Welcome to the Treehouse Community

Want to collaborate on code errors? Have bugs you need feedback on? Looking for an extra set of eyes on your latest project? Get support with fellow developers, designers, and programmers of all backgrounds and skill levels here with the Treehouse Community! While you're at it, check out some resources Treehouse students have shared here.

Looking to learn something new?

Treehouse offers a seven day free trial for new students. Get access to thousands of hours of content and join thousands of Treehouse students and alumni in the community today.

Start your free trial

Android Build a Simple Android App with Java Basic Android Programming Making a Button Do Something

4,015 Points

Why do he declear TexView before using it instead of declearing it at the time when used. Less code feels better

So instead or writting

private TextView factTextView; private Button showAnotherFactButton; // and then

factTextView = findViewById(R.id.factTextView); showAnotherFactButton = findViewById(R.id.btn_fact);

Why not do this

TextView factTextView = findViewById(R.id.factTextView); Button showAnotherFactButton = findViewById(R.id.btn_fact);

Is it because we can't use private this way. Don't see a point in using private tho. Is it simply just easier to understand for beginners?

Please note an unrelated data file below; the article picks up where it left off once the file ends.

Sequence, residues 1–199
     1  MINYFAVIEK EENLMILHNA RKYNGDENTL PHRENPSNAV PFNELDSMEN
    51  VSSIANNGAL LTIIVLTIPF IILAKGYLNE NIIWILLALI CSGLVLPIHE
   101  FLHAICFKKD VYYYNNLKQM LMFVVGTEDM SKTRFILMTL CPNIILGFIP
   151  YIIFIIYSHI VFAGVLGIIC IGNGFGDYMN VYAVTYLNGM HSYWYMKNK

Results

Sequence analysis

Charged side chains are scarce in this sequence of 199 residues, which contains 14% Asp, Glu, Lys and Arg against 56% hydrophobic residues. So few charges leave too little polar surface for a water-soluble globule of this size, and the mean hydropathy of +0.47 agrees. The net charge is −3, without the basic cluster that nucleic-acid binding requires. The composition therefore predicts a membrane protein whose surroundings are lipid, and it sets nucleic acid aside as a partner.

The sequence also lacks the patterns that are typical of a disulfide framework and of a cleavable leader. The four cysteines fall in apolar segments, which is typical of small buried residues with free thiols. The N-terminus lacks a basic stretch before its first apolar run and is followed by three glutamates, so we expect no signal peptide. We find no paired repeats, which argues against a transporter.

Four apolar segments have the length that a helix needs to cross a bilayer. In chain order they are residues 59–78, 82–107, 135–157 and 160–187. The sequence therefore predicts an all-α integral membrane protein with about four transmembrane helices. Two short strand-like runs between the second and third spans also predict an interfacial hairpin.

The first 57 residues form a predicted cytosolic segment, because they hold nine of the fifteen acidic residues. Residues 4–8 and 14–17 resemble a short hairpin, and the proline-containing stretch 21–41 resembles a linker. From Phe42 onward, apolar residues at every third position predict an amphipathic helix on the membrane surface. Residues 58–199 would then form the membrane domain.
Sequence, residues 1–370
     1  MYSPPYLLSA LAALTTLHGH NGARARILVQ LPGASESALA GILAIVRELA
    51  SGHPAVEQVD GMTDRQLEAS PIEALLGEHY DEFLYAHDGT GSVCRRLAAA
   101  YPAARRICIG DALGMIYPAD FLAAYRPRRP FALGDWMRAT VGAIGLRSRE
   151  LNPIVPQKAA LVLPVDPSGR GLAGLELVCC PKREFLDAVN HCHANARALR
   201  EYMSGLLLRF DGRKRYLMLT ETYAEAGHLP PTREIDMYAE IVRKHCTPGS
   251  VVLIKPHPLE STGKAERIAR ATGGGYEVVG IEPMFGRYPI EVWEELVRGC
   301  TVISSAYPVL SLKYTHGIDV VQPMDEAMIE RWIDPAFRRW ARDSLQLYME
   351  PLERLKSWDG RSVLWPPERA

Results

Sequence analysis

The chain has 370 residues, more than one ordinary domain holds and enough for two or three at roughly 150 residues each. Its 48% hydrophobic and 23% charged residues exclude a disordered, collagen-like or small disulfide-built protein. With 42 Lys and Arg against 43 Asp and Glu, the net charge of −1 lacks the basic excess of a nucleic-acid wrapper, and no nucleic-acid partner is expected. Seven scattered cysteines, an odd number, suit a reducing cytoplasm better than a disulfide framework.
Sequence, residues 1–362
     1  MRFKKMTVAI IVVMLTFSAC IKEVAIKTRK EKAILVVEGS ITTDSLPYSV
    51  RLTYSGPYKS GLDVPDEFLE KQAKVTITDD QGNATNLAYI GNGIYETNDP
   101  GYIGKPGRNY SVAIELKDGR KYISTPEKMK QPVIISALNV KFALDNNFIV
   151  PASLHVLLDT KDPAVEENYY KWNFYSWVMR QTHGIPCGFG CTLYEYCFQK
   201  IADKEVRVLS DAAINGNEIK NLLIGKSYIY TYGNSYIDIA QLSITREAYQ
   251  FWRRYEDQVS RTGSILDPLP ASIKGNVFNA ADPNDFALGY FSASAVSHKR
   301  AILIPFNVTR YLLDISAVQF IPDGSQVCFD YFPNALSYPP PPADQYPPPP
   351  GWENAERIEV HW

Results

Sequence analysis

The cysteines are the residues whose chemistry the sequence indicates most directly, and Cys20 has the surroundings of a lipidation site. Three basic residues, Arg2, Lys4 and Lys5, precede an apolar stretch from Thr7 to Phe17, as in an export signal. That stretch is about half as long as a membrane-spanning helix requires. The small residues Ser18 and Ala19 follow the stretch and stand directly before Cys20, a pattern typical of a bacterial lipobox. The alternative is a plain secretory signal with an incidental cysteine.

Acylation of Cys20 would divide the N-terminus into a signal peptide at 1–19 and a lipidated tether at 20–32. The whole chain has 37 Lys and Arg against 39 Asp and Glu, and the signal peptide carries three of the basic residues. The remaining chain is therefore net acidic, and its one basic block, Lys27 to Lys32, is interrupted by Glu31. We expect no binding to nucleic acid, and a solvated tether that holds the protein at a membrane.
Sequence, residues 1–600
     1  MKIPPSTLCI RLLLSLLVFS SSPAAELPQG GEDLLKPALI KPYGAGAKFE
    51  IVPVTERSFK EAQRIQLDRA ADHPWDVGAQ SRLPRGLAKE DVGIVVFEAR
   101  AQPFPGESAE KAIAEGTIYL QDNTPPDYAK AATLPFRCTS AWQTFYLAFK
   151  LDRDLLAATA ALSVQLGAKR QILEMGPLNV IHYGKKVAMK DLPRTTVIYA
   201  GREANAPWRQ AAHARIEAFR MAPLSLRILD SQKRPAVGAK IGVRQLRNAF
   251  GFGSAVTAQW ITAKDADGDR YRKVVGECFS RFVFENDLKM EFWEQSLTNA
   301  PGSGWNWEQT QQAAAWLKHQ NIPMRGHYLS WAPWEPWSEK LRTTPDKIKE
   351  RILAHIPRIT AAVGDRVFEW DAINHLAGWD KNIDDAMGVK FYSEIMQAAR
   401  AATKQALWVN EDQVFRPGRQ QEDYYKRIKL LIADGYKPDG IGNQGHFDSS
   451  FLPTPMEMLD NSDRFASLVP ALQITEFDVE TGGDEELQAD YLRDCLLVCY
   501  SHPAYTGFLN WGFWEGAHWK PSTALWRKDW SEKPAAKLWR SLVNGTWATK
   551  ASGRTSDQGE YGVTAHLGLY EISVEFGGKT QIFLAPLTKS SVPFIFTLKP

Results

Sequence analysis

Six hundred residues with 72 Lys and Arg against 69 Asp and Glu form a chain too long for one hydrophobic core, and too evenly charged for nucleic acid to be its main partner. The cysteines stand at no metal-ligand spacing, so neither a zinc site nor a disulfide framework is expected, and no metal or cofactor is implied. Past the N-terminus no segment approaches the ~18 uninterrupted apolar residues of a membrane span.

2 Answers

Hi sebbe12 . The reason has to do with the scope of the variable. It all depends on where this variable is going to be used in the class.

  • Declaring it at a class level (above onCreate()), making it a member variable, means it will be accessible anywhere in the class.
  • Declaring it inside a method (or any block of code defined by curly brackets {}), making it a local variable, means its scope (or accessibility/visibility) is limited to that block of code, so it will cease to exist outside of it.

If you want to access a variable in other parts of your class (outside onCreate()), you must declare it at a class level. For instance, if you want to declare a method in your class to modify the text in that factTextView or define another method for what to do when you click that showAnotherFactButton, you'll need to declare these 2 variables as member variables, at the top of the class. Have a look at this short video to understand it better.

As for the access modifier, it defines the scope of the variable within the application this time (not just the class):

  • public = it is accessible from all classes in the app
  • private= it is only accessible in its own class (common practice, for encapsulation. As bot .net said, making the variables (and methods) private allows us to hide those from other users, making sure they won't break that part they do not need to worry or know about)
  • protected = it is accessible within this package

Hope that helps :)

Hi, Im by no mean an expert but i can answer some of ur points:

U use the keyword private as a default accessor, u want to make all ur fields private in default because 2 things: u can change it later to public or other accessors without break the code u protect the variable from being changed and accessed from other parts in ur code.

I think he used it in that way to make it organized and i agree about this decision. first he declare the variable then assigned the action.

hope this helps